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damaging exchanges in all those debates came on a fox debate when they all said they wouldn't accept one dollar of new revenue even if it entailed -- brought with it $10 of cuts. the problem wasn't the format. it wasn't the venue. it wasn't the commentary after the debates. it's what the candidates said in the debates. and they were responding to the most strident voices in the party, who were in control of that party. so they talked about self-deportation, and they talked about this revenue issue in the way that they did. they talked about ending planned parenthood. they talked about their unified opposition to gay marriage. and they drove away large numbers of americans from their -- from their party. that is what their problem is. their problem is more fundamental than simply the commentary after their debates. it's what happened during the debates. >> i'd like to think that they could fix that too by not having msnbc or even nbc host a debate. but everybody would still weigh in. >> the truth is if you talk to
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them privately what they want is no debates. they don't want any primary debates. because what happened to mitt romney is he had to pass through this toll booth, this right-wing toll booth in order to get the nomination and he made a calculation that it was worth doing because barack obama in his view was so vulnerable that just getting the nomination by any means necessary was enough. and what he found was when he got out of that toll booth he had largely disqualified himself. he lost latinos by massive numbers. big gender gap. young voters again voting heavily against the -- by the way, on the issue of self-deportation and the sort of nativist tone of the party's rhetoric, they lost asian americans by vast numbers in this election. i think that's one of the reasons why. so their answer is let's not talk about that stuff, let's try and bypass that. and they'd love to have no debates if they could. >> the other thing that's going on on that subject, on stridency and having to go through the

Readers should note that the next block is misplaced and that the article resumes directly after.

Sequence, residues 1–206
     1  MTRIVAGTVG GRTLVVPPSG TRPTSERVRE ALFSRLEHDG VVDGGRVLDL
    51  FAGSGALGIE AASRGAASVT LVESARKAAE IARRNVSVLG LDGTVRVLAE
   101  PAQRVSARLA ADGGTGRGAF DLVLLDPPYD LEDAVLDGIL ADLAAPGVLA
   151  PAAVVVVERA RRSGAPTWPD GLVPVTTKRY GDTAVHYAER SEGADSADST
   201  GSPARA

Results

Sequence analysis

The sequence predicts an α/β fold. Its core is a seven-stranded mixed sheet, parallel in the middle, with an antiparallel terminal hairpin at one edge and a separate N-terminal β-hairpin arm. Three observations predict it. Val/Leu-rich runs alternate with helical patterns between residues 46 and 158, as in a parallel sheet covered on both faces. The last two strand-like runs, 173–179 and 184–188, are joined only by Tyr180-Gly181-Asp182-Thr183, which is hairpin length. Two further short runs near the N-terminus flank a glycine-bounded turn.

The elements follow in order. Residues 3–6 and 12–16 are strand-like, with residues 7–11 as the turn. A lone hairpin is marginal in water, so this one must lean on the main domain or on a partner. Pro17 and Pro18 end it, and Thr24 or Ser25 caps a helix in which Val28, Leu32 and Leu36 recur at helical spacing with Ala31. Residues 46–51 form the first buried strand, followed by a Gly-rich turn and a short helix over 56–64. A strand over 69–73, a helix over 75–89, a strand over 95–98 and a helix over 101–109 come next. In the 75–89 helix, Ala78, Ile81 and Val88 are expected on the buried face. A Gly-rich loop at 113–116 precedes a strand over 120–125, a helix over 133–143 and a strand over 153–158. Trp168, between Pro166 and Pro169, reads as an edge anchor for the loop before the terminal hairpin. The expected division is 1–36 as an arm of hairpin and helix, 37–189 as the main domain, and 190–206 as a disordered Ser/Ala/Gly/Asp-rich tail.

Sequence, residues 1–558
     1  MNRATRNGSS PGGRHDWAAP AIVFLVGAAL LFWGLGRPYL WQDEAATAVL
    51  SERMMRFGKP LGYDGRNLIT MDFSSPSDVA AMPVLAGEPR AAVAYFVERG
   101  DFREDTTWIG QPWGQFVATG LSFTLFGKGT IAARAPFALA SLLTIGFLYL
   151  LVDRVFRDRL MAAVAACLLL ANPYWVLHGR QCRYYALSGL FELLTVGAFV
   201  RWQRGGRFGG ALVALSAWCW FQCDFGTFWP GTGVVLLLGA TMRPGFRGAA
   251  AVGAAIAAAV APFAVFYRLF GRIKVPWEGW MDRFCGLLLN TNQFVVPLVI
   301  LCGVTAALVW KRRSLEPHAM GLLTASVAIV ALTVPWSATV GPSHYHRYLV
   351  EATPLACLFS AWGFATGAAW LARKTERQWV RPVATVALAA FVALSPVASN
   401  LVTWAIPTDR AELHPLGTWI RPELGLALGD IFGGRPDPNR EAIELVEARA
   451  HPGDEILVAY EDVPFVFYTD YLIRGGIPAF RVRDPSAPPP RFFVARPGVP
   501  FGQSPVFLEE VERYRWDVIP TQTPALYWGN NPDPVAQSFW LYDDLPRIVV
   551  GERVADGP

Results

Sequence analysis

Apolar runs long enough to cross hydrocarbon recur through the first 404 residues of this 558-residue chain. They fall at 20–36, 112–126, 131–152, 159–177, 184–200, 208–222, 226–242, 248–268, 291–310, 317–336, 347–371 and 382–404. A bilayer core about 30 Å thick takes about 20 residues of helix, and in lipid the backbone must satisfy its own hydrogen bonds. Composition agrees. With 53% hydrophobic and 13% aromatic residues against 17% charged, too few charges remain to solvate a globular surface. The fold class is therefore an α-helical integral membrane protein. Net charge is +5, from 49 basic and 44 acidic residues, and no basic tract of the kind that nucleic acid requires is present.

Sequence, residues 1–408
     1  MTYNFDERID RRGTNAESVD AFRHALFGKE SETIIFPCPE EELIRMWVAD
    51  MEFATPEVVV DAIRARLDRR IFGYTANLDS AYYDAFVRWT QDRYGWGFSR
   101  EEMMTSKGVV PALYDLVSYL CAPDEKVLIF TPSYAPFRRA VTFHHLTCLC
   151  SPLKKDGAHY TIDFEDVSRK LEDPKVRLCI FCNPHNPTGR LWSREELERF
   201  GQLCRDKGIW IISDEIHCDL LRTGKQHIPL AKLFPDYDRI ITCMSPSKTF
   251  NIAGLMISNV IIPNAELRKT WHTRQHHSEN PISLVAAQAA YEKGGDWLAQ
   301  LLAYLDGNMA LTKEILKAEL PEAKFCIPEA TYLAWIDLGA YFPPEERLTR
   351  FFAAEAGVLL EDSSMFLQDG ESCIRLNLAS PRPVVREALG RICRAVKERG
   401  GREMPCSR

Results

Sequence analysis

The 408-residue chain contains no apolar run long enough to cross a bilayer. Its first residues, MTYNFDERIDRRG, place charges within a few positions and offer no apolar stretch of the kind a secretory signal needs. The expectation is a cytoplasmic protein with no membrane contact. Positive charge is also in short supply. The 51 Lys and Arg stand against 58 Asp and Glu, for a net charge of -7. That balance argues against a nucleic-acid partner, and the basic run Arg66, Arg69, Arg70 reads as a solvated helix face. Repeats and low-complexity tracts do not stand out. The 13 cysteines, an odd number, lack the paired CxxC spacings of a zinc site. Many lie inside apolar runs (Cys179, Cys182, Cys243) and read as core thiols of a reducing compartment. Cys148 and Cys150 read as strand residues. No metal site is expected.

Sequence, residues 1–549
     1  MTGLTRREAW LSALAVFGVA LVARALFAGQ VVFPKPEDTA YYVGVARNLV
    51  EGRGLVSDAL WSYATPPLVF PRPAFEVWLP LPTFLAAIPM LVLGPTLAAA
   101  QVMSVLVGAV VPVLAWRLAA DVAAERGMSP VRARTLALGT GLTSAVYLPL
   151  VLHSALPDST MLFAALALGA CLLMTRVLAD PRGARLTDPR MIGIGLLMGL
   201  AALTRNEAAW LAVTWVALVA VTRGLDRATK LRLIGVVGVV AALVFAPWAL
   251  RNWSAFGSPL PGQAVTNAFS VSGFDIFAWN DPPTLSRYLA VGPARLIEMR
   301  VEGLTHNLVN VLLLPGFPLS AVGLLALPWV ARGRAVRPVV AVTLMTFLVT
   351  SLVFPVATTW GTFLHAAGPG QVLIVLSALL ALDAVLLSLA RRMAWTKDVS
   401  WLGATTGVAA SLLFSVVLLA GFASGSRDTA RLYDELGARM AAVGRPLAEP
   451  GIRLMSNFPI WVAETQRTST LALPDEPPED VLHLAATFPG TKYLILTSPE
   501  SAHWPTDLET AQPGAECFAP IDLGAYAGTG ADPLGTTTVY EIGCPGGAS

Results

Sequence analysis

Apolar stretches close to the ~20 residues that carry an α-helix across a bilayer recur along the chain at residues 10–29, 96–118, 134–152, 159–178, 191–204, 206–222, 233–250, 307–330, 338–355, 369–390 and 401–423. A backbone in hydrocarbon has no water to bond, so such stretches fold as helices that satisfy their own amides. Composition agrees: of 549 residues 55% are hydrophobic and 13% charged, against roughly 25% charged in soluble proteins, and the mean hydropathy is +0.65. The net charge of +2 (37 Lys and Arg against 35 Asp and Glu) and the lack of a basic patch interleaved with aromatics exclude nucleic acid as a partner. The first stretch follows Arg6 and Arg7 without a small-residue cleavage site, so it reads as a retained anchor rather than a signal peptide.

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sort of ideological toll booth. since it is an odd-numbered year now we keep getting told the republicans are going to moderate on these positions, they're going to moderate on gay rights, they're going to moderate on immigration, they're going to start dialing back some stuff that was so alienating during the general election. and we're seeing all sorts of ex-elected officials do that and all sorts of talking heads and columnists and things do that, but elected republicans are not shifting on that subject even in an odd-numbered year. what's holding them back? >> because many of them run in venues that are homogenous in terms of the party participation and the only thing they ever fear -- they never face a general election. the only thing they fear are primaries. and those primaries tend to be dominated by the most strident voices in their party. so even, for example, on an issue like gun control and background checks, which has a 92% approval rating among americans, there's some doubt as to whether that will pass in congress because many of these members are concerned about what will happen in primaries in
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their districts and what the nra will do within those -- >> in terms of a governing environment, then, just take the issue of background checks, how do democrats then reasonably strategize if they need to get republicans to move and they appreciate why republicans cant? how do they move forward? >> no, no, i think this is a big challenge. i think the big challenge for the republican party is they have this tension between the needs of their congressional majority in the house and the -- and their desire to become a national party. they can never become a national party unless they moderate some of these positions. so ultimately they're going to have to have a discussion amongst themselves. but it was interesting the other day when governor bush, jeb bush, someone who i think -- i was looking to and i've always seen take slightly different
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positions -- he did on revenue, for example. he said sure, i'd take that money. but on the issue of immigration, which was a signature issue for him, he just wrote a book, and he changed his position and said no, no citizenship for undocumented workers. and i think that was a recognition that this is going to be a hard thing -- that this environment is going to be hard to change within the republican party. >> i think it's telling that he makes that switch at the same time he floats he may want to run in 2016. david axelrod, do you mind staying a moment? >> happy to stay. >> something came up in the news today that i actually don't know the politics of it and i want to use you as a crystal ball. >> let's do it. >> david axelrod with us when we come back. hold on. jake's very private world. at first, jake's family thought they saved ziggy, but his connection with jake has been a lifesaver. for a love this strong, his family only feeds him iams. compared to other leading brands, it has 50% more animal protein... help keep ziggy's body as strong as a love that reaches further than anyone's words. iams. keep love strong.